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College of Environment and Design

Professor Brad Davis Leads Virtual Plant Walks

In the wake of UGA’s online instruction, Brad Davis, Associate Professor at the CED and MLA coordinator, came up with a clever workaround for his elective class, Plants for Temperate Landscapes, which is open to undergraduate and graduate students. During a typical semester, the course involves a number of walking tours in and around Athens and instructs students to identify unique trees, shrubs, grasses, vines, and perennials, including native and introduced vegetation.


UGA’s mandatory online instruction forced Davis to think outside the box about how to provide his students with a similar experience despite not being able to lead in-person walkalongs. In the end, Davis chose to lead live video plant walks, giving his students an approximation of a typical walk and highlighting notable plants along the way. Through this series of videos, narrated and shot by Davis himself, Davis takes specific walks both on and off campus, turning his camera on plant specimens and dropping tidbits of knowledge while conversing with his students.



Notable locations for the walks include UGA’s North Campus and the Founders Garden as well as locations outside of campus such as Athens’ Five Points neighborhood and the Georgia Botanical Gardens. Dr. Michael Dirr, a titanic figure in the land arts, fortunately lives in Athens and regularly makes his own garden available for student walkthroughs. Though he retired in 2003, the former horticulture professor and Director of the UGA Botanical Garden remains active in research and new plant development.


This elective course is not required for any major program, and students are “keenly interested” in the material. The goal of the course is to expose students to between 200 and 250 species not covered in the official CED curricula.


Brad Davis turns the camera on himself

Professor Davis turns the camera on himself


In the videos, Davis travels along the walk exactly has he normally would. He identifies plants and notes specific characteristics to train students to identify plants independently. This semester, the response to the course has been as positive as ever. Students appreciate the time and effort put into Davis’ videos.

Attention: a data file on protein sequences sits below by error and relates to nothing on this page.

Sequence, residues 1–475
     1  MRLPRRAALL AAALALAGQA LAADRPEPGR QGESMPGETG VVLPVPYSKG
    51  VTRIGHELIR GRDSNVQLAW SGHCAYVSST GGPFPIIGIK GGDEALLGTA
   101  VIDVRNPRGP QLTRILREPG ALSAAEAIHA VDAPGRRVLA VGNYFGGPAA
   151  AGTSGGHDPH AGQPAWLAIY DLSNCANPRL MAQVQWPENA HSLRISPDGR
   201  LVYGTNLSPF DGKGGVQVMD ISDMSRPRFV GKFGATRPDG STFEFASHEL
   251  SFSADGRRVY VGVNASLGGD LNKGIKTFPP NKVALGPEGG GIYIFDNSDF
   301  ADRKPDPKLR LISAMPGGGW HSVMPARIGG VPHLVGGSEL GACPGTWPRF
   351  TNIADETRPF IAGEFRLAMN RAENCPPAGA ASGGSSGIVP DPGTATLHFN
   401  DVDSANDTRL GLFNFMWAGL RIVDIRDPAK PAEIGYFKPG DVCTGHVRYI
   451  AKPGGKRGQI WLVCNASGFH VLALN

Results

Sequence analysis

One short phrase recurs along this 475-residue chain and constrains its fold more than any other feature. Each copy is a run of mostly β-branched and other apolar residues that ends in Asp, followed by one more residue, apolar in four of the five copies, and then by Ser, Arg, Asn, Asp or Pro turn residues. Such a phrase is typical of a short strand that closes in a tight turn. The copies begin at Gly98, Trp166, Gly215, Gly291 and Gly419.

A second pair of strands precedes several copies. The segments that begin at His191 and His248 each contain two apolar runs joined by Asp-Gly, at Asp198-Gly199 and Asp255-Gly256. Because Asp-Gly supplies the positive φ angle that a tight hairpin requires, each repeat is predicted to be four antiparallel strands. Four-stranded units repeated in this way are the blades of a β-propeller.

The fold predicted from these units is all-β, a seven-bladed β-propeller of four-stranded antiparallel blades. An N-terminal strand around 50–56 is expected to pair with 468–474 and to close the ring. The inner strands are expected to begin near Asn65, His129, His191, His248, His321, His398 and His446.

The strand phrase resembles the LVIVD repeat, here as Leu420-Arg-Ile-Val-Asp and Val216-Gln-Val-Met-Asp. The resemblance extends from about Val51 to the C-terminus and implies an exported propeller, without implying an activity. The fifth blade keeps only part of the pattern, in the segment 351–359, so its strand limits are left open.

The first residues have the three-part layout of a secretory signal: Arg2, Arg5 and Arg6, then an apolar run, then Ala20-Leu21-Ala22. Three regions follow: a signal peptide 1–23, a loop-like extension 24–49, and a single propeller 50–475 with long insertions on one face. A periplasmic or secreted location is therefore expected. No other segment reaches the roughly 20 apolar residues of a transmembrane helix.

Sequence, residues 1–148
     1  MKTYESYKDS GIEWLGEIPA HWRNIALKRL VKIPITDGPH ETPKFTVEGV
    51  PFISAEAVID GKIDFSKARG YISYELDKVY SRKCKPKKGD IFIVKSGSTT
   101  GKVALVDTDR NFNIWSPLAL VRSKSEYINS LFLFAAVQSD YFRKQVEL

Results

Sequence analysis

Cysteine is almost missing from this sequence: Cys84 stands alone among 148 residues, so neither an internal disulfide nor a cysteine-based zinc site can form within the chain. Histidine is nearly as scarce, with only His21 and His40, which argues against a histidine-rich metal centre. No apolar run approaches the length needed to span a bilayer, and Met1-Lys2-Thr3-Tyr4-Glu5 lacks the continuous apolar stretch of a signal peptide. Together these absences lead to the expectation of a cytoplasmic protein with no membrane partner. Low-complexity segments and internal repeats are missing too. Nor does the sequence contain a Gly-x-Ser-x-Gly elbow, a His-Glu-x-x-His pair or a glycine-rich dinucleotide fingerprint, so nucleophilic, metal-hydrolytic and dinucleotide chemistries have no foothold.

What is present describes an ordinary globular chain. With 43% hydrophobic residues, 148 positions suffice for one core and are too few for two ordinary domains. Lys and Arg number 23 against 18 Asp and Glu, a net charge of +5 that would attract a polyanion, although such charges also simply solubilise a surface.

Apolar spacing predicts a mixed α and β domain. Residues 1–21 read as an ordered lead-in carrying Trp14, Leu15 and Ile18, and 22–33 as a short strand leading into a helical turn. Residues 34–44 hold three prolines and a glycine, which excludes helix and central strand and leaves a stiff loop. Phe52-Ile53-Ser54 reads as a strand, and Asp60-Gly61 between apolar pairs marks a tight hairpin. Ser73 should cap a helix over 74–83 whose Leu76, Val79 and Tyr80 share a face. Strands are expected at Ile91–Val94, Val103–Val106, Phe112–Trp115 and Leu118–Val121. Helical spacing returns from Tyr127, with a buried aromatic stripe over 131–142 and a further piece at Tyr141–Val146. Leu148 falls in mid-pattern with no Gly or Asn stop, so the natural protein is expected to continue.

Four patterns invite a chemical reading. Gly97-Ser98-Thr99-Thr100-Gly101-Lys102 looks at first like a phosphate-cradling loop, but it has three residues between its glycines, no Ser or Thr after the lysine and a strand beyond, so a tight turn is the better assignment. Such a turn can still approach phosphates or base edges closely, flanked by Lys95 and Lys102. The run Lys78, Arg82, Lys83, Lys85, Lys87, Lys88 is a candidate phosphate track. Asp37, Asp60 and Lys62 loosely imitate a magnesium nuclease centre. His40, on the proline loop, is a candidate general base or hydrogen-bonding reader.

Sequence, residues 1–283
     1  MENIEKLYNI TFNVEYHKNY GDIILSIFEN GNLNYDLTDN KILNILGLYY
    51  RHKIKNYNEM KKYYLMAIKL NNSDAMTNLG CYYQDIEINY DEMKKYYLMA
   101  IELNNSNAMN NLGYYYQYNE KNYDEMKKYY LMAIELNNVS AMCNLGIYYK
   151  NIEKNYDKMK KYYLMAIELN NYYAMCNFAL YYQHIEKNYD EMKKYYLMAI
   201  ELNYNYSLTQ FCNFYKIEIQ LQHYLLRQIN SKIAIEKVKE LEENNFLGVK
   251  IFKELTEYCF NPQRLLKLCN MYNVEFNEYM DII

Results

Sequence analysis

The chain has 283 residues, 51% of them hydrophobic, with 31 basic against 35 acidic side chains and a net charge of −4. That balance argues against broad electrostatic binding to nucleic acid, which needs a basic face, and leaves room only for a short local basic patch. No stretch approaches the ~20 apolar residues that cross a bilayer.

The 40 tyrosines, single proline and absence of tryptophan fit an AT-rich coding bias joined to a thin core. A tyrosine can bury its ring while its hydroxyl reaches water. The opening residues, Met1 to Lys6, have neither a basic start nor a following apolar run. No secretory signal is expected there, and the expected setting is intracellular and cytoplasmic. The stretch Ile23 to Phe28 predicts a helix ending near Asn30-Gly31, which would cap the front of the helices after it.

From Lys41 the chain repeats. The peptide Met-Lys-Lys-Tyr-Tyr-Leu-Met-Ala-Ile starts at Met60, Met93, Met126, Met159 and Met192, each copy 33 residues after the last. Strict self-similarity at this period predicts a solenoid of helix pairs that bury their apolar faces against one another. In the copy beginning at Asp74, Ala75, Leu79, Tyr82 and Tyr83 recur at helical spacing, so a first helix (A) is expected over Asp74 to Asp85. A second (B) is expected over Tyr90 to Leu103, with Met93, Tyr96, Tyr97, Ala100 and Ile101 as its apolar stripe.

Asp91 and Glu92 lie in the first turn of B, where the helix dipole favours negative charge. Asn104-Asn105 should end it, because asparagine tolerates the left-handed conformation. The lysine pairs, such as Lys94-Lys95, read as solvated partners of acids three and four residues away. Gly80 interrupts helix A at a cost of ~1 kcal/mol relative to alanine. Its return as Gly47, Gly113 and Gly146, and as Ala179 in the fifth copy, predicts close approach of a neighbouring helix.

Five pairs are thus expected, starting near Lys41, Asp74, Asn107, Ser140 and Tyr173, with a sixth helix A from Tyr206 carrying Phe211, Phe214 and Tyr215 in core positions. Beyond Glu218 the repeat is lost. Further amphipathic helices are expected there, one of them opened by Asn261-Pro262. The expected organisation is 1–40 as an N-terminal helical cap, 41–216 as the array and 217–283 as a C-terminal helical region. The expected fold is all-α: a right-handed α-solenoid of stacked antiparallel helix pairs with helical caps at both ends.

Of course, modifying the course so drastically was not without its drawbacks. The largest negative consequence of the new online plant walks is the “separation of the lens.” While it is possible for video to give viewers a detailed look at plants and animals—programs like Planet Earth are proof of that—amateur videography shared over a live-streamed video conferencing platform is an unideal way to introduce viewers to new species. Even if Davis was able to capture and present professional-quality video, studying plants through a screen is a poor substitute to seeing them in person.


Davis states that “even during a typical semester on campus, students often make the mistake of studying for field identification exams by simply perusing Google images. Searching online can be very misleading even if the images are correct, as there is often some level of genetic and morphological variation within even one species, in addition to differences in appearance caused by other factor such as age, light exposure, and health.”


Davis had to change not only the methods of instruction, but also methods of testing. The question of how to administer exams has plagued educators since online instruction began, but Davis devised a testing strategy which seems to have solved many potential issues and opened the door wider to lifelong learning.


For final grades, Davis charged his students with creating their own plant database, not unlike the database maintained by the Missouri Botanical Garden. Davis told his students to discover new plants on their own and conduct their own research. They would then take what they learned to compile a compendium of newly discovered local plant life.


As a result, students ventured into their own spaces and made their own observations based on the groundwork laid by Davis in his walkalong videos. In a way, this project mitigates the issue of students relying on presentations and online material to learn about diverse plant life. Davis stresses the necessity of surrounding oneself with living, three-dimensional plants in order to solidify plant knowledge and gain an understanding of the way plants change over time. By making students create their own database, Davis hopes that students become self-led lifelong learners with the ability to add new plants to memory.


a clematis plant climbing on the side of a home

The Clematis is just one of the plants that Davis examines during the plant walks


The ability to become familiar with local plant life is important for landscape architecture students as they graduate and take jobs in new regions with a completely different climates and plant palettes. Davis shares from his own professional practice experience working in a variety of climates such as tropical south Florida and the mountains of Tennessee and North Carolina. “The second plant palette can be learned much faster than the first – you learn what patterns to look for and many times the plant family or genus is the same, with new species occurring in the new region.”


Davis is just one of many faculty who have adjusted their typical teaching methods in the wake of the coronavirus pandemic. For more stories on faculty, staff, students, and alumni who have responded to the coronavirus in unique ways, visit the CED’s Our Response to the Coronavirus page. 

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